Last Updated on May 6, 2015, by eNotes Editorial. Word Count: 352
It's not often that a single album is sufficient to place a new performer among the first rank of recording artists. Jackson Browne's long-awaited debut album chimes in its author with the resounding authority of [Van Morrison's] Astral Weeks, [Rod Stewart's] Gasoline Alley, or [Neil Young's] After the Gold Rush. Its awesome excellence causes one to wonder why, with Browne's reputation as an important songwriter established as far back as 1968, this album was so long in coming…. Whatever the reason, Jackson Browne … is more than worth the years it took to be hatched….
The songs themselves reveal Browne as a classic romanticist; they're possessed of that same earnest intensity found in his voice, and their prevailing moods are so strong that singers as diverse as Tom Rush, Johnny Darrell, Nico, and Clarence White can sing them without significantly altering their tone or substance. Browne's songs, no matter who sings them, seem to have a life of their own….
"Jamaica, Say You Will," the opening track, is an exquisite love song, and it perfectly embodies Browne's writing and performing approach. This narrative of the relationship between the singer and Jamaica, the daughter of a long-absent sailor, vividly confirms Richard Goldstein's 1968 perception that "Jackson writes with rocky seacoasts in his head."…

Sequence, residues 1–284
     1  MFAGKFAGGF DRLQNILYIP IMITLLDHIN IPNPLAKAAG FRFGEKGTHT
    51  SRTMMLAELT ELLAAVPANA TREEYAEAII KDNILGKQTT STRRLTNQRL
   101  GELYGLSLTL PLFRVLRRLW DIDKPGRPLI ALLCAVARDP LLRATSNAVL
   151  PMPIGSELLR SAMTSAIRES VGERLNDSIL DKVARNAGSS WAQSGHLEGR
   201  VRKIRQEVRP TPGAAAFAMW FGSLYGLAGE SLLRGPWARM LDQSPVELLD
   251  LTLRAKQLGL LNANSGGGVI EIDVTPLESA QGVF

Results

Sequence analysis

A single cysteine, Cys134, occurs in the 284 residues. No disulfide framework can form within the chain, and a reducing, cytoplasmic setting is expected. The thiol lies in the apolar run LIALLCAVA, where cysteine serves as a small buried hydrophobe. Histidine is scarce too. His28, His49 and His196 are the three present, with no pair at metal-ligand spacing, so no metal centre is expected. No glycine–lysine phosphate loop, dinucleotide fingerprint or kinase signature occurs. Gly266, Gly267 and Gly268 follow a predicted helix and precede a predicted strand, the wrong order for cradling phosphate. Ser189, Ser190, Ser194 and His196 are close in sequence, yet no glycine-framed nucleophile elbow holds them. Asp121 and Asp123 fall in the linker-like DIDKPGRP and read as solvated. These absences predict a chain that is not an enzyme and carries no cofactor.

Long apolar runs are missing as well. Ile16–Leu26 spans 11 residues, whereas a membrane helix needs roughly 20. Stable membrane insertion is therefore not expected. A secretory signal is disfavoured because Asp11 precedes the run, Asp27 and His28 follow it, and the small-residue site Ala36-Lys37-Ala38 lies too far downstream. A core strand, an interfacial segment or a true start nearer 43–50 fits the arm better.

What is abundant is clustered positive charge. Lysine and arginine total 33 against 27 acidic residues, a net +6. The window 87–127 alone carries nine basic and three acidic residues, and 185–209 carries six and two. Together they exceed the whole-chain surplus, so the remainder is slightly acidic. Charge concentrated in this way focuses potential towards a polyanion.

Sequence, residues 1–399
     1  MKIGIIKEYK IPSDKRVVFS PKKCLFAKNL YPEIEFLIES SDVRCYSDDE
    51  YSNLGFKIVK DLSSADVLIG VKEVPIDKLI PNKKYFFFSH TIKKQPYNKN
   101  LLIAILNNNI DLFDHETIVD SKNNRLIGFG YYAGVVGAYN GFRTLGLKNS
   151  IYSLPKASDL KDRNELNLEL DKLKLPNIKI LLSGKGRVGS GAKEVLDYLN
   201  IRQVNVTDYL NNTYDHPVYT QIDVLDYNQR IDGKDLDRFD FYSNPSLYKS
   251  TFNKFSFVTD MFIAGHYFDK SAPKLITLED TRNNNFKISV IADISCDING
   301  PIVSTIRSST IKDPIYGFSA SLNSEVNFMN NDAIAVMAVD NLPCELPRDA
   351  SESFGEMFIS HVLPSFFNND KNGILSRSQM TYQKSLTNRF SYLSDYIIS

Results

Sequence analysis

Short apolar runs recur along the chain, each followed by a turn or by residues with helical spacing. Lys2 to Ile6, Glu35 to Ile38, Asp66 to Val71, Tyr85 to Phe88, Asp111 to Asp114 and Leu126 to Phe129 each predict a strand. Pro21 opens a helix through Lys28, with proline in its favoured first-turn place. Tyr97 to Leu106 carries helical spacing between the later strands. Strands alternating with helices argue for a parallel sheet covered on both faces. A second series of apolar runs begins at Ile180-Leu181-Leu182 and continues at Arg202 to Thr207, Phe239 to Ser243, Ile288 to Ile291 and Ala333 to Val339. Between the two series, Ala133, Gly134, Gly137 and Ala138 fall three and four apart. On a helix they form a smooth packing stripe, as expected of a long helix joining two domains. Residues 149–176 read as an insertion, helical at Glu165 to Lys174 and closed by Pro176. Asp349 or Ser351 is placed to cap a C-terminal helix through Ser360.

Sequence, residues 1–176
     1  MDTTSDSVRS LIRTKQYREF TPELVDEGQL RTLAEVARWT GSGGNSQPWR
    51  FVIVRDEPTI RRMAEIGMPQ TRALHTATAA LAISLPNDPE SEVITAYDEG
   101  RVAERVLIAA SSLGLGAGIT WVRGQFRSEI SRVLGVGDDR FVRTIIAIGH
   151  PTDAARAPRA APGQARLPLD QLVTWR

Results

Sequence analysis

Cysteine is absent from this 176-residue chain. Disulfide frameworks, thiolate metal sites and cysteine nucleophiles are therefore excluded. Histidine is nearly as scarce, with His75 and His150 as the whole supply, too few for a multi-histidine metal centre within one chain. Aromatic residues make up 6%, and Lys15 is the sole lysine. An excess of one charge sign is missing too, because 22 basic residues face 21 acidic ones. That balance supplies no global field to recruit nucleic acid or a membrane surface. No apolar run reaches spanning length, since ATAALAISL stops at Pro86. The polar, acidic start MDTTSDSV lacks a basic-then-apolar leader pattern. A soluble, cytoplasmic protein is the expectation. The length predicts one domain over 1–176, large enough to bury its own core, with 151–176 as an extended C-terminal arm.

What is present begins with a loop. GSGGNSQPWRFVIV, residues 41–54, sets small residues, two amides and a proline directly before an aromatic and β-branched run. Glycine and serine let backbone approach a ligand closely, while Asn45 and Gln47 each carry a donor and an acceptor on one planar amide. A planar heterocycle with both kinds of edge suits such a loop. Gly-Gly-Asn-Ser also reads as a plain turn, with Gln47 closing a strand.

While the music sets the tone, Browne deftly tells the tale, his imagery charged with vivid suggestion….
What's astounding about this record is that there are a half dozen tracks of "Jamaica" beauty ("Song for Adam" and "From Silver Lake" are especially affecting), and none of the ten songs is any less than brilliant and lovely. Each has the immediacy of a touch, due in part to Jackson's first-person approach.
The music is as direct and fluid as the lyrical content….
Jackson Browne's sensibility is romantic in the best sense of the term: his songs are capable of generating a highly charged, compelling atmosphere throughout, and—just as important—of sustaining that pitch in the listener's mind long after they've ended.
Bud Scoppa, "Records: 'Jackson Browne'," in Rolling Stone (by Straight Arrow Publishers, Inc. © 1972; all rights reserved; reprinted by permission), Issue 103, March 2, 1972, p. 58.
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